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# 13/10/2015

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• We considered Continuous random variables
STATISTICS FOR • Uniform distribution
• Calculating probabilities

## MANAGEMENT I • Expected value, Variance, Standard deviation

• Normal distribution
• Calculating probabilities
• Sketch and identify the area of interest
Week 6 – Continuous Random Variables – • Determine the z-score
Part II • Enter table and determine area
• Translate area into probability of interest

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## Example – Normal probability

• If X is a normal random variable with parameters  = 3
and  = 3 find  2 < < 5 .

CONTINUOUS RANDOM
VARIABLES
Chapter 9 (Sections 9.10-9.11, 9.3), Chapter 6

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## Normal Probability Plots Non-normal Models

• In practice, we may not know • Normal probability plots for models which are not normally
whether a variable is normally distributed do not follow a straight line – see below:
distributed
• We then consider a special plot Histogram
Normal Q-Q Plot

## called a Normal Probability plot

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which will determine whether the

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normal model is appropriate

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• The Normal Probability Plot

Sample Quantiles

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compares the z-scores with the

Frequency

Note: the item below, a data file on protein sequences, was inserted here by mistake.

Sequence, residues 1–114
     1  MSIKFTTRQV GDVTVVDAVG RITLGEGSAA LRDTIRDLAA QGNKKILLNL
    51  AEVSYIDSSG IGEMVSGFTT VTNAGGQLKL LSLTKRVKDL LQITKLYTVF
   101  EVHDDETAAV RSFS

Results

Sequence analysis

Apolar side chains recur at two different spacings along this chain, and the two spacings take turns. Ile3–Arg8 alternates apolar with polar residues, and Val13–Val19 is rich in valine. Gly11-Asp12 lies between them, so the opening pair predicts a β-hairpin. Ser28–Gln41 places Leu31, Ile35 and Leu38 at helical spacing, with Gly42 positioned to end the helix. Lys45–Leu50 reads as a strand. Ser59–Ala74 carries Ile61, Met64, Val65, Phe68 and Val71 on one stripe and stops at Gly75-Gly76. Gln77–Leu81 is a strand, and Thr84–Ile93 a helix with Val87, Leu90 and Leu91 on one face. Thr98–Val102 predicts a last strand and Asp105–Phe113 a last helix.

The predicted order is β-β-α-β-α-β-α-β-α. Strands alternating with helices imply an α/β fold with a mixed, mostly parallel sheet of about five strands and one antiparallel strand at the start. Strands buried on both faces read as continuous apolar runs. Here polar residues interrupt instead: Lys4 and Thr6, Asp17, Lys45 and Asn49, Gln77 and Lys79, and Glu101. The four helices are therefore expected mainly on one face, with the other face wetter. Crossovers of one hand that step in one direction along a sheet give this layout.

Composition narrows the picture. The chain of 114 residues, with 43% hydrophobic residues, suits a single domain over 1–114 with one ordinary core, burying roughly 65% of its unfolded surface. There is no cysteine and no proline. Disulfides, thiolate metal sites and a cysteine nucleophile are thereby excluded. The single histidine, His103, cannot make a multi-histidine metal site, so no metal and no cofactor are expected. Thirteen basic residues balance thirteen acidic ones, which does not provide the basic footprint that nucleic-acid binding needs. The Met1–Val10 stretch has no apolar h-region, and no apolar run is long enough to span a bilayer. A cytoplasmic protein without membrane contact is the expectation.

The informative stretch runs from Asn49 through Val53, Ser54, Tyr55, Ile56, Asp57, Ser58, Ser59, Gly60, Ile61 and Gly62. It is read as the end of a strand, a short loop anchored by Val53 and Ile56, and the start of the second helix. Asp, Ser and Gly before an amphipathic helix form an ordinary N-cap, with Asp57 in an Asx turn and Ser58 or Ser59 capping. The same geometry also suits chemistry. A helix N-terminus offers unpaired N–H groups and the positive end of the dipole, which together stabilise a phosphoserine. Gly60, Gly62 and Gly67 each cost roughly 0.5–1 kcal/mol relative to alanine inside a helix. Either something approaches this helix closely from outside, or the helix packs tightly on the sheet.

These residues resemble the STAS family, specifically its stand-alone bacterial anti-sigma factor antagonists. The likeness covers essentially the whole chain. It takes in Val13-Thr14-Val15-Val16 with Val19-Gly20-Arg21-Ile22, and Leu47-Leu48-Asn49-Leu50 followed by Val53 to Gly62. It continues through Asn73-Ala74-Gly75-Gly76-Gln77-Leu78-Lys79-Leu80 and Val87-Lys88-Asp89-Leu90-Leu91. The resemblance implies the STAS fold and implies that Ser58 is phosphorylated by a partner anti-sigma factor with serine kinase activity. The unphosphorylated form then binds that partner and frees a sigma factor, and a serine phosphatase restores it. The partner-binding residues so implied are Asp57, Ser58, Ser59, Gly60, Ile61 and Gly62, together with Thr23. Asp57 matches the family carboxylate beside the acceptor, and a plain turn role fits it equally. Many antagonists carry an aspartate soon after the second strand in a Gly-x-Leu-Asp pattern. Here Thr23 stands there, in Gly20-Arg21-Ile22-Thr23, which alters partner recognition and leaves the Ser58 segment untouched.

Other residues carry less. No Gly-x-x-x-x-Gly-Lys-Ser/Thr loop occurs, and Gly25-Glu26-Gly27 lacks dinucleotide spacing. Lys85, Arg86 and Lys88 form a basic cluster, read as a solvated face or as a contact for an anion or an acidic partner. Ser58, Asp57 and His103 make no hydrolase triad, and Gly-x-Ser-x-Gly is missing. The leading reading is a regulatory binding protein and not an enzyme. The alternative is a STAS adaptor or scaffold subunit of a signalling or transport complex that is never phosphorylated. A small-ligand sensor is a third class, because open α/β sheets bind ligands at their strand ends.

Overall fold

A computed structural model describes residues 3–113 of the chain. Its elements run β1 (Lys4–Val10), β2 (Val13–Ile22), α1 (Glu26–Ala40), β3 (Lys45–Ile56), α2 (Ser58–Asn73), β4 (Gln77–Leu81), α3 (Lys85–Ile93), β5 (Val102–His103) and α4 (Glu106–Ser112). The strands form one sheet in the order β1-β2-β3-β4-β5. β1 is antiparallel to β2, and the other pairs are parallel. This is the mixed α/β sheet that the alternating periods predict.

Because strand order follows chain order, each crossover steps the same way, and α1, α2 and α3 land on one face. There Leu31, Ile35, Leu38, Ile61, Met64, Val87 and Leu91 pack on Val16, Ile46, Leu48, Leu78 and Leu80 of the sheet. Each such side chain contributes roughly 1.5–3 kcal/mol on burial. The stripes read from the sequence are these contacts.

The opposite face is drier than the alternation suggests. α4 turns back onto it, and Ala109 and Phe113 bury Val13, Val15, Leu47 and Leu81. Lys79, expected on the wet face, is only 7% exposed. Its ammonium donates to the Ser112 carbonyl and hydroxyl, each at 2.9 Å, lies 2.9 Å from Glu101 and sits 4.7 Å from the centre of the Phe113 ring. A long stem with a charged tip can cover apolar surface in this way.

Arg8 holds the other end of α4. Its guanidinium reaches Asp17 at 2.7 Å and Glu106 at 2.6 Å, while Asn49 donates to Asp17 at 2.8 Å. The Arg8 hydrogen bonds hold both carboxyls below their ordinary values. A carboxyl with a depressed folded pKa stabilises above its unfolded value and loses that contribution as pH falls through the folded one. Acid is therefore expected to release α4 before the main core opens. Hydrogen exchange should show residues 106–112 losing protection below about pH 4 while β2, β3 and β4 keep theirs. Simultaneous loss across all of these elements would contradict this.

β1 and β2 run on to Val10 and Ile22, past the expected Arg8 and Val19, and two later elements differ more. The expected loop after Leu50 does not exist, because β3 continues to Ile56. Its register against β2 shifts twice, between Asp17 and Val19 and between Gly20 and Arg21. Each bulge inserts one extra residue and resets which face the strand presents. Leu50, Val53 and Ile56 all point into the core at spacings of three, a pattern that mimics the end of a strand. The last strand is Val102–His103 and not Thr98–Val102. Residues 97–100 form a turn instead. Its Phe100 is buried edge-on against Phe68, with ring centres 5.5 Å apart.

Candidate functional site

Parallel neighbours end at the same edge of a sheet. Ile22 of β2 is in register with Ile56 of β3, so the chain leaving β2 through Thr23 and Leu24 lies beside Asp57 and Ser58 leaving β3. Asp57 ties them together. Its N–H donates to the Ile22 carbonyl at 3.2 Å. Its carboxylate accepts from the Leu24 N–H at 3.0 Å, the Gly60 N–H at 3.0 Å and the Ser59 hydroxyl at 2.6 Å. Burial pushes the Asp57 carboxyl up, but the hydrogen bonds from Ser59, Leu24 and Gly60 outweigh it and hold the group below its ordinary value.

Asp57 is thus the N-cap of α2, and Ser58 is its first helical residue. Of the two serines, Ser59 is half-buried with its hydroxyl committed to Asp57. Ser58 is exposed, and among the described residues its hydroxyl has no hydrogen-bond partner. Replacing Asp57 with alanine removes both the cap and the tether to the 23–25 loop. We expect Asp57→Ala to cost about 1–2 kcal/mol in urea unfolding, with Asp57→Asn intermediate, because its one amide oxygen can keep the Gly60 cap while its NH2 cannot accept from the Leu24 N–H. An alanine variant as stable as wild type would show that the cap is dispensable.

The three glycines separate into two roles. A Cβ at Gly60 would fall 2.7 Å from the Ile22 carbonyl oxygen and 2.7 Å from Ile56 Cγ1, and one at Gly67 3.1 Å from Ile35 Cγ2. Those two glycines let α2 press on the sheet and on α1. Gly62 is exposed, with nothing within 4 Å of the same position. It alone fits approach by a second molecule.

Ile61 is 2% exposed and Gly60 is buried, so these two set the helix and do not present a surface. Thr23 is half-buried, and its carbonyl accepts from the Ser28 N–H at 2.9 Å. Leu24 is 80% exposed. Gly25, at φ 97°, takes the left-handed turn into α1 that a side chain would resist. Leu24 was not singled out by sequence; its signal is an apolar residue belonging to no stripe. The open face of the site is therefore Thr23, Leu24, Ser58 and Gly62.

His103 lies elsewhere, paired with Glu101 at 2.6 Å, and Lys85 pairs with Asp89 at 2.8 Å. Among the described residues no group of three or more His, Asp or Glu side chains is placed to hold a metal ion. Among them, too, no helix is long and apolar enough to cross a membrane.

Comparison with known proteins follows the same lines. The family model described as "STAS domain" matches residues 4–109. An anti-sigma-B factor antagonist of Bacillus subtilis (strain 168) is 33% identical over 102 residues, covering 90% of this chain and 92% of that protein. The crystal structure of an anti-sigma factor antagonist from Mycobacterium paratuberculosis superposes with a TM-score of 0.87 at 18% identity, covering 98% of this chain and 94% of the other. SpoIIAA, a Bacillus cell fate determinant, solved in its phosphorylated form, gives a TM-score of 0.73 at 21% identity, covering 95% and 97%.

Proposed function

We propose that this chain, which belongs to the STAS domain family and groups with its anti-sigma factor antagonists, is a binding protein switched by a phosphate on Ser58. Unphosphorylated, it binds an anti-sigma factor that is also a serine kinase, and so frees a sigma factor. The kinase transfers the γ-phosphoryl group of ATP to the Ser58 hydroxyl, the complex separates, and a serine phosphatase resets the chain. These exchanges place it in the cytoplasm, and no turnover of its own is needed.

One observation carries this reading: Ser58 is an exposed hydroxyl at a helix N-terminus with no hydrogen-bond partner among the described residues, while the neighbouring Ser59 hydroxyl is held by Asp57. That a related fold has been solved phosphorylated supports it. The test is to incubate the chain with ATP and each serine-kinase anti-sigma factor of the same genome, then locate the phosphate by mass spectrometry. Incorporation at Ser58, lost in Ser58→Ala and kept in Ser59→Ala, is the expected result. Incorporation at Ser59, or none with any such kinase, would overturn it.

values from the theoretical

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distribution.

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1

5
then the data falls along a straight

0
0
line – see example 0 1 2 3 4 5 -2 -1 0 1 2

x4 Theoretical Quantiles

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## Normal Approximation to Binomial Normal Approximation to Binomial

• In addition to calculating normal probabilities, the Normal • Graphically, with n = 10 and p = 0.5 we have:
model may also be used to approximate probabilities such
as those from the Binomial distribution
• The Normal approximation to binomial holds if
• The expected number of successes and failures sufficiently high
( >  and  − > ) then the Normal model provides an
• We also need to apply a continuity correction
• Since we are using a continuous distribution (Normal) to approximate a
Discrete distribution (Binomial)

## • NOTE: Recall that the Poisson distribution is used to

approximate the Binomial distribution if the expected
number of successes/failures is small ( < 10)

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## Normal Approximation to Binomial Continuity Correction

• Graphically, with n = 100 and p = 0.5 we have: • When we use a continuous model to model a set of
discrete events, we may need to make an adjustment
called the continuity correction

## • We add or subtract 0.5 as follows:

• ( ≤ ≤ ) ≈ ( − 0.5 ≤ ≤  + 0.5)
•  ≤  ≈ ( ≤  + 0.5)
•  ≥  ≈ ( ≥  − 0.5)

## • Then, we calculate z-scores on the corrected values, e.g.